## 5 0.5715193 0.9990540 0.0000000
## 6 0.2602110 0.5206304 0.0000000
```

Let’s plot a heatmap of the training data. Note that there’s lots of saturation.

We’re going to use all the data to train our models, but it’s not easy
to show comparison plots in three dimensions in a way that’s legible. So
we’ll also look at slices of the data, by holding `u`

restricted to a
narrow range around a nominal value. Here’s a slice with `u`

fixed to
near 0.5.

As you can see, the data is fairly noisy, in addition to being quite saturated. Now let’s train a linear model on the data, as well as all our adjusted models.

## Part I: Adjustments to a Linear Model #

### Train the initial model, and all the adjustments #

We’ll fit the model, make the naive adjustment of thresholding the data at zero, then fit all the candidate adjustment models. Note that only the initial model ever makes reference to the input variables.

```
# train the initial model,
# get the initial predictions and thresholded predictions
initial_model = lm(y ~ u + v, data=traind)
traind$y_initial= predict(initial_model, newdata=traind)
traind$y_pred0 = pmax(0, traind$y_initial)
# fit the adjustment models
# (function definitions in R markdown document)
scaling_model = fit_scaler(initial_model, "y", traind)
linadj_model = fit_linmod(initial_model, "y", traind)
gamadj_model = fit_gammod(initial_model, "y", traind)
tobitadj_model = fit_tobit(initial_model, "y", traind)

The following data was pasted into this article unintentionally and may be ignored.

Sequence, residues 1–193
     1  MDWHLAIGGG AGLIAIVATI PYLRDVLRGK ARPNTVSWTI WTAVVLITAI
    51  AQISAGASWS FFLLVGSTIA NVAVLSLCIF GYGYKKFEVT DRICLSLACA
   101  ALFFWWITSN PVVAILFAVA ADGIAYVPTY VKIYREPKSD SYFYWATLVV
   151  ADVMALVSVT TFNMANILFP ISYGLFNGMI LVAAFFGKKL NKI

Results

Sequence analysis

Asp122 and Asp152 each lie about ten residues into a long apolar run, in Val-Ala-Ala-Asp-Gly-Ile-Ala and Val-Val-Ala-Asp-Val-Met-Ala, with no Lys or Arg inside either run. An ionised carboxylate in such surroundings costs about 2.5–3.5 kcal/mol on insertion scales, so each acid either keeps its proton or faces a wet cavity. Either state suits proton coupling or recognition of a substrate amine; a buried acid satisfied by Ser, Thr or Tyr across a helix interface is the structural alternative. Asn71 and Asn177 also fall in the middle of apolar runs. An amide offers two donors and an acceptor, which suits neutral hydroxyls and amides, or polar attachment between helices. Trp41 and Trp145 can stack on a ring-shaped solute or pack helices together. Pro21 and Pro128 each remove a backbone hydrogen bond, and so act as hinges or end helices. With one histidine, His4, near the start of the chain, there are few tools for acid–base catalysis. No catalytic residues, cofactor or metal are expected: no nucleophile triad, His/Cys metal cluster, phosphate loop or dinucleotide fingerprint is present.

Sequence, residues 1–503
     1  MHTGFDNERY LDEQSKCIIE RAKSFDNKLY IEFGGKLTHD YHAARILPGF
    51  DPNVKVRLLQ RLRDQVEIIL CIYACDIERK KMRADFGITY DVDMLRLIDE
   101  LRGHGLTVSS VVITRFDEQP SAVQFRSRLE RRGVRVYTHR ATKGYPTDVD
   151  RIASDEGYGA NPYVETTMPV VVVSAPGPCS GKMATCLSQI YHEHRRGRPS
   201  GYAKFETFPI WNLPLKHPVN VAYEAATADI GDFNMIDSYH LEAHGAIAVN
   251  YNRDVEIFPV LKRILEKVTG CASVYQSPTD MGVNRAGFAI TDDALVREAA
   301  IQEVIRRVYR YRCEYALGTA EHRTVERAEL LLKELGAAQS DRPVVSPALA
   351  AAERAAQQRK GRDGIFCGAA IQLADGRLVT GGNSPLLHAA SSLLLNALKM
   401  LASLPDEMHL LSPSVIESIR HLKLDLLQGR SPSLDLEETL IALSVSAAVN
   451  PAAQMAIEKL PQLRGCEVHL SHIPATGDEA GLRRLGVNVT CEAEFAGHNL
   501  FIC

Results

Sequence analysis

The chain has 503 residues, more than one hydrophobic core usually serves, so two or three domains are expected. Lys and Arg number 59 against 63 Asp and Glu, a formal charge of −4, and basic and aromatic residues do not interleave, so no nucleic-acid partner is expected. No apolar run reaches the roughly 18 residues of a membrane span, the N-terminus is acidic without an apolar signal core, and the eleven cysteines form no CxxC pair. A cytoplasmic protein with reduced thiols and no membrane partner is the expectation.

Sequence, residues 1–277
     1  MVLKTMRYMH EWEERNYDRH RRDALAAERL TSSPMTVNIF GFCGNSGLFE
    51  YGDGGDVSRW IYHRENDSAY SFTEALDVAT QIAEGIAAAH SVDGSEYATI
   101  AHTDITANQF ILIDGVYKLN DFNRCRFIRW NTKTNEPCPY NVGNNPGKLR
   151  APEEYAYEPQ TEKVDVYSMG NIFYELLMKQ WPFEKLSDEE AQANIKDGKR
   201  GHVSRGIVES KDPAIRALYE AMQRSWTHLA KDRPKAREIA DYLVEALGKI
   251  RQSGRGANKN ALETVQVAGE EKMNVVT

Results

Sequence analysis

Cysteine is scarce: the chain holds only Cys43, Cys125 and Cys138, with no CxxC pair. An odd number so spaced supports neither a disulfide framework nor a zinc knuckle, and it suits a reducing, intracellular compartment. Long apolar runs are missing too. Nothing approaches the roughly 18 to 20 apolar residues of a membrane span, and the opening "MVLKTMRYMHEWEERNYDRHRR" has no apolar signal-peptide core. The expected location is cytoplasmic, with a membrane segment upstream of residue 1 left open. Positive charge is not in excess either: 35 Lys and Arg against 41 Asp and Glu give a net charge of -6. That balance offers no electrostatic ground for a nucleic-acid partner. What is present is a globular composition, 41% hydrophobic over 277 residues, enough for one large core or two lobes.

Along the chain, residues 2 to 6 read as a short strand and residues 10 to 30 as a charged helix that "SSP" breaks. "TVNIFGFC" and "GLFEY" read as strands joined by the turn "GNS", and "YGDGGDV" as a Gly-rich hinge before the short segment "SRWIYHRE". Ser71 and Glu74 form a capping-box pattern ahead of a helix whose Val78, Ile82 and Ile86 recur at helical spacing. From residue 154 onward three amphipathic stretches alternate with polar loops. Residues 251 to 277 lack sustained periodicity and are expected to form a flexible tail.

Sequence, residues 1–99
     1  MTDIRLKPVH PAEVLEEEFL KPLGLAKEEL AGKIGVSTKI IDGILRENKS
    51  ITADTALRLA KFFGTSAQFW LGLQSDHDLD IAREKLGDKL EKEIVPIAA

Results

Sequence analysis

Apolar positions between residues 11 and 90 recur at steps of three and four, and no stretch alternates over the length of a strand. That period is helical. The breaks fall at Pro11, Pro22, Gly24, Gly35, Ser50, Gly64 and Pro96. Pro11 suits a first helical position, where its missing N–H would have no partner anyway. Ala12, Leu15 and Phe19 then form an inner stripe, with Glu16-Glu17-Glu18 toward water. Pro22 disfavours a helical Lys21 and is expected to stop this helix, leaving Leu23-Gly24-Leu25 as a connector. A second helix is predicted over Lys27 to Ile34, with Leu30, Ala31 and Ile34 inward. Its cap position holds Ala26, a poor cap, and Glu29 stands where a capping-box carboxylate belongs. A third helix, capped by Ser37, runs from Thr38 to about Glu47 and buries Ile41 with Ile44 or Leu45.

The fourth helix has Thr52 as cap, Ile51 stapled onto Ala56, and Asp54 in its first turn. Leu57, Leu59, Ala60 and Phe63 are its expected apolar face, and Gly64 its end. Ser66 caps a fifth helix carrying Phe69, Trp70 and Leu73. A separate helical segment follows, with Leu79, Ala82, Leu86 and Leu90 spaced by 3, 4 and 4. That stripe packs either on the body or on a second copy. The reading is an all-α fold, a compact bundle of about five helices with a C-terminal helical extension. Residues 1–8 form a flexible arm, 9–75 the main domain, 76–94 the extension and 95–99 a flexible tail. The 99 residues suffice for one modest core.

adjustments = list(scaling_model, linadj_model, gamadj_model, tobitadj_model)
names(adjustments) = c("y_linscale", "y_linadj", "y_gamadj", "y_tobitadj")
# make the predictions
for(adj in names(adjustments)) {
traind[[adj]] = do_predict(adjustments[[adj]], newdata=traind)
}
```

Let’s look at the RMSE and bias of each model.

prediction_type | description | RMSE | bias |
---|---|---|---|

initial | initial model | 0.4438901 | 0.0000000 |

pred0 | zero-thresholded model | 0.3721101 | 0.0842275 |

linscale | scale-adjusted model | 0.3692881 | 0.1196263 |

linadj | linear-adjusted model | 0.2453422 | 0.0298617 |

gamadj | GAM-adjusted model | 0.2261695 | 0.0007868 |

tobitadj | Tobit-adjusted model | 0.2293762 | -0.0097394 |

*Model RMSE and bias on training data*

As expected (if you’ve read the previous article), the GAM-adjusted model has the lowest training RMSE, and also lower bias than the other adjusted models. The Tobit-adjusted model has comparable RMSE, and slightly more bias.

We can try to visualize what’s happening, by holding `u`

constant at
different values and looking at slices of the prediction surfaces. We’ll
just compare the original linear model, GAM-adjustment, and
Tobit-adjustment.

### Test on holdout #

Let’s compare the models on holdout data. For this example the holdout performances are similar to training.

```
testd = trueprocess(5000)
testd$y_initial= predict(initial_model, newdata=testd)
testd$y_pred0 = pmax(0, testd$y_initial)
for(adj in names(adjustments)) {
testd[[adj]] = do_predict(adjustments[[adj]], newdata=testd)
}
```

prediction_type | description | RMSE | bias |
---|---|---|---|

initial | initial model | 0.4504353 | -0.0046703 |

pred0 | zero-thresholded model | 0.3750385 | 0.0836604 |

linscale | scale-adjusted model | 0.3721833 | 0.1184737 |

linadj | linear-adjusted model | 0.2482977 | 0.0310791 |

gamadj | GAM-adjusted model | 0.2285600 | 0.0043918 |

tobitadj | Tobit-adjusted model | 0.2300590 | -0.0064108 |

*Model RMSE and bias on holdout data*

## Part II : Fitting directly to the input data #